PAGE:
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Detail Information of Japanese Sword---Hamon By PR Dept. www.handmadesword.

com, the wholesale Japanese sword House All rights reserved

Hamon: Temper line Nie and Nioi, these are basically crystals that are made up of either martensite or troostite. The temper line or Hamon, is made up of these 2 types of structures. Generally, Nie is the larger crystal formation and is easily seen by the naked eye. Nioi is much smaller, and appears misty, but still bright. The brighter the hamon, usually the better the sword. There are many types of known hamon patterns, but basically there are only 2 types, straight (suguha) and undulating (midare). All others are variations stemming from the 2 basic hamons. For example, what is most commonly known as choji is properly called choji-midare, gunome is called gunome midare, notare is called notare midare, and so on. Combinations of 2-3 types of hamon exist in one sword. Sometimes a sword will have what is known as gunome-choji midare, such as those from the famous Kamakura Bizen School. Straight temperlines with slight variations are often called sugu-ko midare, meaning a basically straight hamon with midare like activity within. Blades that are made up of mostly nie are called nie-deki, those that are made up of nioi are thus then called nioi deki. Smaller nie swords are often confused with nioi, but are actually called ko-nie, or what is known as small nie. More nie, however, isnt always better. Even sized, thick, bright nie is a good sign that a sword is in healthy condition and manufacture. A finely controlled hamon also shows quality of a well tempered blade, and the skill of the smith. When a well polished sword is pointed at the proper light, the hamon should pop out easily if the sword is both healthy and well made. The kesho, or whitening of the hamon in polishing should NOT be confused for the actual temperline.

By developing this method of forging, the Japanese sword smith showed his skill not only in the base design and manufacture, but in his artistry as well. Hamons such as 3 cedar zig zag, or Mount Fuji show the artistry with out losing the blades effectiveness as a weapon of choice. The Japanese sword, as well as Japanese swordsmanship have been often described as a type of violent beauty. Suguha (straight ) - Used from the beginning of Japanese sword manufacture to present day. Used by all five main schools (Gokaden) with different variations. Midare - Heian period to present day. Ko-midare, choji midare, notare midare, gunome midare, O midare, hako midare, sudare midare, doran gunome midare, yahazu midare, mimigata midare amd hitatsura midare. Choji (Clove Pattern) - Used from the late Heian period to present day. Many types were used and developed. Juka choji, kawazuku choji, saka choji are just some of the variations that were developed.d Gunome - Used from the Kamakura period, but different variations were developed from the original design during the Shinto period, especially the hamon known as gunome doran used by the Sukehiro School. Kanemoto made the sanbon sugi (3 cedar zig-zag) gunome hamon famous for its cutting ability during the Muromachi period. Notare (Billowing wave) - Used from the late Kamakura period to present day, but ko-notare was seen in earlier periods as part of some hamons. The Soshu School was well known for using this within their hamons. Hitatsura (Full) - Used from the late Kamakura period by the Soshu School, but became popular during the Muromachi period by most of the other main schools. Rarely seen in the late Shinto and Shinshinto period, even fewer during the gendaito periods. Sudare/Kikusui ba (Bamboo strip/ Chysanthemum in the river) - Developed in the Shinto period, and a small group kept this hamon style alive during the Shinshinto period. Kyoto or Osaka Schools. Fujiyama (Mount Fuji) - Developed from a notare midare with gunome within the hamon. Modified later in the Shinto period (1600s) to resemble Mount Fuji. Popular also during the ShinShinto period, but rarely seen during the 1900s. Is the hamon changed by re-polishing?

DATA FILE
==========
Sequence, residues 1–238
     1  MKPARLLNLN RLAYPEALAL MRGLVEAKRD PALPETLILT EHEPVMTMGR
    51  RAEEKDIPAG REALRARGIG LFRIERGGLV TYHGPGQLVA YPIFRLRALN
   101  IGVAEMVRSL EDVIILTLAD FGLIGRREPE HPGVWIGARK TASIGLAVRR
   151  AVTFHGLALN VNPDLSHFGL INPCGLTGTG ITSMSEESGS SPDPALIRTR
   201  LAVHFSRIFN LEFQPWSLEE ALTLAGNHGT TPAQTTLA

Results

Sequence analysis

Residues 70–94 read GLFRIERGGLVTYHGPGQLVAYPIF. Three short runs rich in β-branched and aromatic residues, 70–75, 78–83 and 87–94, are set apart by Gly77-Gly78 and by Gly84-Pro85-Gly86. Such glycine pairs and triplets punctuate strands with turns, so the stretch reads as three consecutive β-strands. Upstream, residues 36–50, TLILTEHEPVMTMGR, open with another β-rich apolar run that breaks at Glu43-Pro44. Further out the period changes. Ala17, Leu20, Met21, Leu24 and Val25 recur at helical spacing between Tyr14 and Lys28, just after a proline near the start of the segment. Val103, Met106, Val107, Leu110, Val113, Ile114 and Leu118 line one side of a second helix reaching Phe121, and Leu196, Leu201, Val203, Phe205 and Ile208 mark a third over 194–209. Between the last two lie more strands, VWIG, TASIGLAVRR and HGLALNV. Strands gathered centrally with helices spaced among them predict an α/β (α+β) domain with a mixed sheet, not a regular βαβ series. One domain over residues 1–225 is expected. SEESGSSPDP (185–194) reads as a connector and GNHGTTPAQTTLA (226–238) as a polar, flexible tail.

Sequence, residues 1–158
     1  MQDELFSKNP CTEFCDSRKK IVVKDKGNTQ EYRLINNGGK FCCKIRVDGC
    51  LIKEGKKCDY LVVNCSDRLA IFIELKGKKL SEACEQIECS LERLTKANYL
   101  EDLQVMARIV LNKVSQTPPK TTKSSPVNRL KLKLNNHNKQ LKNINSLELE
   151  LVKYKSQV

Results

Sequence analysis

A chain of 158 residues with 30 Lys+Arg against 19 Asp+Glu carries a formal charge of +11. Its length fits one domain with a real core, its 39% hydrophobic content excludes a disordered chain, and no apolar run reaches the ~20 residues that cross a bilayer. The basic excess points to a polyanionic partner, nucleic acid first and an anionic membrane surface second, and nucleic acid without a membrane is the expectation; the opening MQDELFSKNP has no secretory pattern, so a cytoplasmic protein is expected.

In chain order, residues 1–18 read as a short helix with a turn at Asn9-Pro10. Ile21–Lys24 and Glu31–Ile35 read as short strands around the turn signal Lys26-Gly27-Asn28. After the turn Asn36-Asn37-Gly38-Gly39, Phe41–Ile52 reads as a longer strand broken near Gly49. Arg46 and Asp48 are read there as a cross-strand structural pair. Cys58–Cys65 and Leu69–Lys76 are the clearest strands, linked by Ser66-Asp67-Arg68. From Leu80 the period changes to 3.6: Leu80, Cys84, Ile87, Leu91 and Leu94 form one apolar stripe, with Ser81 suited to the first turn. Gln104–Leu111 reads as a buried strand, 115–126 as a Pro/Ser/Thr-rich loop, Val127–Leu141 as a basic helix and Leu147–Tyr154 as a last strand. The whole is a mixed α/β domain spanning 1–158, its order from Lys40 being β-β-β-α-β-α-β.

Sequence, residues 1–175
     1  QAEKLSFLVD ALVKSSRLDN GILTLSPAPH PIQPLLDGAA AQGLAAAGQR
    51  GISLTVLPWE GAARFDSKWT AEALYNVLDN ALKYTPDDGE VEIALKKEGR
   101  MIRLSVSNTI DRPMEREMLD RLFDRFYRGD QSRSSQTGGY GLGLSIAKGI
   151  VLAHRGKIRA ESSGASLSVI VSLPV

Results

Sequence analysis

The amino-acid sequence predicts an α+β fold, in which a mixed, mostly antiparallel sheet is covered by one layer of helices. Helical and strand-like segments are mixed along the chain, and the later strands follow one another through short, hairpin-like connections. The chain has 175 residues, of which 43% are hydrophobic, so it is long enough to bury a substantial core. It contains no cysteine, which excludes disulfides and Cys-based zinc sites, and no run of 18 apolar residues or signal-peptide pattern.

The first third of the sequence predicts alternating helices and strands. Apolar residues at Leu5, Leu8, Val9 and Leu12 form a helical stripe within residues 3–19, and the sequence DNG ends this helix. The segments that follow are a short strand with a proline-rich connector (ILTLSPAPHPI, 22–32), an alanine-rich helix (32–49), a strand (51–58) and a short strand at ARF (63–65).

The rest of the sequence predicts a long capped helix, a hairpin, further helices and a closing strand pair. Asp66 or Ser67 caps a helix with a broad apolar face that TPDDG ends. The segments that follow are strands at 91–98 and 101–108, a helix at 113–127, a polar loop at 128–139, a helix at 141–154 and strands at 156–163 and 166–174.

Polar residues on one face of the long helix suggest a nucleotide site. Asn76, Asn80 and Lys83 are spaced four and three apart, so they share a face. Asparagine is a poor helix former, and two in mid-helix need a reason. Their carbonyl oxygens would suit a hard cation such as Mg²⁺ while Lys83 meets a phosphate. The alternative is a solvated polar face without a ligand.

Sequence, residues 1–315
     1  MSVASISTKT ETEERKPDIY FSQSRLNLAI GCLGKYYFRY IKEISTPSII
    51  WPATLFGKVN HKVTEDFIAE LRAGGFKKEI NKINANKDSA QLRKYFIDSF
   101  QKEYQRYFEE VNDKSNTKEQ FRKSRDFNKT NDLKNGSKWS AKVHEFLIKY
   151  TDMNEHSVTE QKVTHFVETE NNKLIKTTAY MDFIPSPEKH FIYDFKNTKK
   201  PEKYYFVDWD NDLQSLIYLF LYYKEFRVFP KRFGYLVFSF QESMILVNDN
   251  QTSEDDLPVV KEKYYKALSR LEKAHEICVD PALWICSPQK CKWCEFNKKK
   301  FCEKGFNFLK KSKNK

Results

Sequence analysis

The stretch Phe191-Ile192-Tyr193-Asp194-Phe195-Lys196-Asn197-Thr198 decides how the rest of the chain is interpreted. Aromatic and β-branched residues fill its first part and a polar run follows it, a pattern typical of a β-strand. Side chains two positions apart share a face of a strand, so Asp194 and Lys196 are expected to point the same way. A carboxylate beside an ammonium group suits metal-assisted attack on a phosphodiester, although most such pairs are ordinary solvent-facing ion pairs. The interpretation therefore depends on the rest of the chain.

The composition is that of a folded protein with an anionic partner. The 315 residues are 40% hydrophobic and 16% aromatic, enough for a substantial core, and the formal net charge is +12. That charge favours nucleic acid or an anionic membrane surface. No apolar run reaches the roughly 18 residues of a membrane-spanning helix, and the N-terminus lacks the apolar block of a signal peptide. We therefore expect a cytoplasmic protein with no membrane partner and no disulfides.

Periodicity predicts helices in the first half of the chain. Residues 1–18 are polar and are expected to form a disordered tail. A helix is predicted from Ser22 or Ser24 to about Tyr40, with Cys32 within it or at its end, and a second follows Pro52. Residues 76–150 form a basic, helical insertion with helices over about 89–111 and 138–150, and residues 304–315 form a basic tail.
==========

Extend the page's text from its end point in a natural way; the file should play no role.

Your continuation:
"Re-polishing" involves re-working the blade surfaces without serious loss of steel. Because of this , the hamon can never be changed by a repolish. However in the modern polishing style, the hamon-like, white pattern may appear different due to the individual polishers' aesthetic taste. The real hamon lies within the steel itself and therefore remains unchanged what ever the polishing style. However the colour of the hamon area, the brightness of the hamon particles or the width of the temper line can be changed by the polisher. Therefore the impression of hamon can be changed by how the polisher treats the hamon particles. Is the grain changed by re-polishing?

We often hear stories that the steel has been dramatically changed by repolishing. "Straight grain (masame) has been changed to small wood grain (ko-itame) by re-polishing!" "Small wood grain has become large burl grain (o-mokume)!" Firstly we have to recognize that by grain we do not mean the layer pattern. The layer pattern never be changed by re-polishing, but the grain may be changed by the individual polishers. On good quality blades, an array of steel particles also constitute grain. Therefore the grain can be changed by how the polisher treat these particles.